Packages containing executables written in a scripting language are
easier to deal with. Some comments on languages:
- We recommend using either Perl or (especially) TeXLua, for the simple reason that we
provide those interpreters in TeX Live itself, including on Windows.
(A couple of the
Perl packages in TL: bundledoc, texfot; and TeXLua packages:
- For other languages (Python, Ruby, shell scripts), it is up to the
end-users to install everything necessary. Unix shell scripts will
generally not be usable on Windows. (A couple of the Python
packages in TL: lilyglyphs, dviasm; a Ruby package: match_parens.)
- Java requires a wrapper shell script, and it is desirable to
accommodate old runtimes, since they are prevalent. (Some Java
packages in TL: arara, texosquery.)
Regardless of the scripting language, a couple notes
on running scripts:
- TL does not generally provide modules or packages for any language.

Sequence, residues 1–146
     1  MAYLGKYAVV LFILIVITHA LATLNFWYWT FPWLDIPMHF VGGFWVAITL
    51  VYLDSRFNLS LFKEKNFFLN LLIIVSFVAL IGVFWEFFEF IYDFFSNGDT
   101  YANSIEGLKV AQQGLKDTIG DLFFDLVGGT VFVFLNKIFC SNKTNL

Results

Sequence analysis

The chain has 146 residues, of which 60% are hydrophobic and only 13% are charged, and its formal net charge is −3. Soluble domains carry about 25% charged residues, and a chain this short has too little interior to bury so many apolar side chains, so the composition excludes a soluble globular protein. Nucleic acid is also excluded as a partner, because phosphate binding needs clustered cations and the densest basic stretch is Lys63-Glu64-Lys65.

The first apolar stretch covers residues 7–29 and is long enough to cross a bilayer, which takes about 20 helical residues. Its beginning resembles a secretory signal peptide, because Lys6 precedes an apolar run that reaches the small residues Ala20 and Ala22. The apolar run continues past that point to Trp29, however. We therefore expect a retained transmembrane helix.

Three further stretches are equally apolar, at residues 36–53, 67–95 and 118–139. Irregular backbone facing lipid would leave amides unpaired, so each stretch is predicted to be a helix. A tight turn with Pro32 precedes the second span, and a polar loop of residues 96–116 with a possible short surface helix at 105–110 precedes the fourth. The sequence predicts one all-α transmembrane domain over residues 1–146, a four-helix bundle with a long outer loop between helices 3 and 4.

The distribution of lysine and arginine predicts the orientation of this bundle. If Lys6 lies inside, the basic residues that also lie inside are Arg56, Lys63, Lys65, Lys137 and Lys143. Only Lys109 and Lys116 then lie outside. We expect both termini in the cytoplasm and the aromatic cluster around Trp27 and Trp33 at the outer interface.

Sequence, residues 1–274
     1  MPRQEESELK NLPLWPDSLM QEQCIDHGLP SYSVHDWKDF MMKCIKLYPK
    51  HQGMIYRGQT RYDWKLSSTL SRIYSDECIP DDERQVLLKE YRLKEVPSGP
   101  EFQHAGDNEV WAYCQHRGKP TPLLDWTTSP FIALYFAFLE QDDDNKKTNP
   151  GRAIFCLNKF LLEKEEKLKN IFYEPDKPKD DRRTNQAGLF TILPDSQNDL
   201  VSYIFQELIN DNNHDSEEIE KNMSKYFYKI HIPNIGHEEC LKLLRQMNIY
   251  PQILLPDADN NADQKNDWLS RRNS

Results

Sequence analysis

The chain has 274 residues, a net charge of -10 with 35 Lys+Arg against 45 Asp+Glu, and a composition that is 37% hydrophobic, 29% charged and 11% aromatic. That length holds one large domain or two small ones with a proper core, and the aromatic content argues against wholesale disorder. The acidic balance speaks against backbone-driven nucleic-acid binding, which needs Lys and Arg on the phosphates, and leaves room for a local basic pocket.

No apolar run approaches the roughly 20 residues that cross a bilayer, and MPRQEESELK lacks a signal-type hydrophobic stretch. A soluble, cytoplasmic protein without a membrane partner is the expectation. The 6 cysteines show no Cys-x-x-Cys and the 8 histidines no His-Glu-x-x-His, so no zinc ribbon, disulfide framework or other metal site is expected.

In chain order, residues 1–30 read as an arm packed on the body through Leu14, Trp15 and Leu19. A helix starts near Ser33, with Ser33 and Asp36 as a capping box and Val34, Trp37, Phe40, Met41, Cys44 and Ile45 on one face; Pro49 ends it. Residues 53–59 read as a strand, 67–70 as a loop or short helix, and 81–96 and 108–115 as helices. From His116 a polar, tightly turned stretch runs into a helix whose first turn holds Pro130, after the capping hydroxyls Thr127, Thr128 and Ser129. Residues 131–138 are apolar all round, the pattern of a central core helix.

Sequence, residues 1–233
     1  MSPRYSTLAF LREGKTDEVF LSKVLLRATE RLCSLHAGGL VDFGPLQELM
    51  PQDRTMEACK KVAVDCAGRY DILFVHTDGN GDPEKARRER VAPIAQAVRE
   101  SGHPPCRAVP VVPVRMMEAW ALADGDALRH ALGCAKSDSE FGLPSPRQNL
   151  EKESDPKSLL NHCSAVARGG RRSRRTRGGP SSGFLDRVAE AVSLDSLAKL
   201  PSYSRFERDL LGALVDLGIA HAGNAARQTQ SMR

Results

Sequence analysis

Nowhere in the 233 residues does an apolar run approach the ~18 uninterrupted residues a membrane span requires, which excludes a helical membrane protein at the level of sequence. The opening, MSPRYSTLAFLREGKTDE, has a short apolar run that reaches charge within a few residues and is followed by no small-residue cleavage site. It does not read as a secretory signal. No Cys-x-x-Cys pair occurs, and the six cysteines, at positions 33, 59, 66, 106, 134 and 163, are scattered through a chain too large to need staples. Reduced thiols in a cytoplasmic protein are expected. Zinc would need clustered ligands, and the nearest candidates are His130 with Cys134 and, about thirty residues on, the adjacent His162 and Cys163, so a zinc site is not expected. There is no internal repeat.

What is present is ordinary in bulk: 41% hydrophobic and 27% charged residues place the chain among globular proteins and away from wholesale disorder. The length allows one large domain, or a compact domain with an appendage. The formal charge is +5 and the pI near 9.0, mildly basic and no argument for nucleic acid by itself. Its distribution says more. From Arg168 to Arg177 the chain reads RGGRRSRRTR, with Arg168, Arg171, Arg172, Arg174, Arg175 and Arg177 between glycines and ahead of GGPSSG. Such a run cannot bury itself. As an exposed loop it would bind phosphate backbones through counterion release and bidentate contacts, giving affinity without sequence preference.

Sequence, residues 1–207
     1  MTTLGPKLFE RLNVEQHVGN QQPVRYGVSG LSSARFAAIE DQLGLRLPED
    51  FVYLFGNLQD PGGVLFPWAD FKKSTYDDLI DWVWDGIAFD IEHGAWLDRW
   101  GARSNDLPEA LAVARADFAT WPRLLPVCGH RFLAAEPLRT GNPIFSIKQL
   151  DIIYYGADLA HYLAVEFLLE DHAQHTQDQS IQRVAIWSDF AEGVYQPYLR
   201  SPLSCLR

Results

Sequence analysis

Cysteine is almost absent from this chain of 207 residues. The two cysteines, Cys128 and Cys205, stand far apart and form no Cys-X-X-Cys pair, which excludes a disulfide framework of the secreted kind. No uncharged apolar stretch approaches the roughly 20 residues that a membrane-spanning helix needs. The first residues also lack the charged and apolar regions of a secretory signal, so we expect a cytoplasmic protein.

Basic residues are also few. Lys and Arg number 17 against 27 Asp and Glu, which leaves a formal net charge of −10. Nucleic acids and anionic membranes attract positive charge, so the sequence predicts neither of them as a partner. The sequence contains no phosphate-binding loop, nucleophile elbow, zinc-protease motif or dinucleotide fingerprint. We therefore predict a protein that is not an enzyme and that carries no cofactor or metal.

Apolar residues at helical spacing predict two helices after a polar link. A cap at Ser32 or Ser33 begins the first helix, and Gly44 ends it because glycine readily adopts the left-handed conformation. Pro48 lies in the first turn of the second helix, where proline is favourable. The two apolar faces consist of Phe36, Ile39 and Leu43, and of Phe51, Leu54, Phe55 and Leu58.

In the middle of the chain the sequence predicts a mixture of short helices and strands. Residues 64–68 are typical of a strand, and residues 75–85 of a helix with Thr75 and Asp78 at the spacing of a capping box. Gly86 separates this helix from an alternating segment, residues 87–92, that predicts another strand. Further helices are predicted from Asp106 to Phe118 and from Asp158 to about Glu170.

It is up to the user to install any needed core or third-party packages
(e.g., via the OS packaging mechanism, or CPAN for Perl, etc.). Therefore, as a
script author, it is desirable for you to minimize (eliminate) such
- TL does not provide any interpreters, either, with the exception of
Lua, in the form of the texlua program maintained as part of
LuaTeX. (A few core Lua modules are built into that binary.) A second
exception: we provide a Perl binary for Windows, along with enough
modules to run the TL infrastructure programs such as
install-tl and tlmgr, but it is not a full Perl and
does not provide modules needed to run third-party scripts.
Also independent of the scripting language, to be installable in TL
in the first place, a couple of requirements must be met: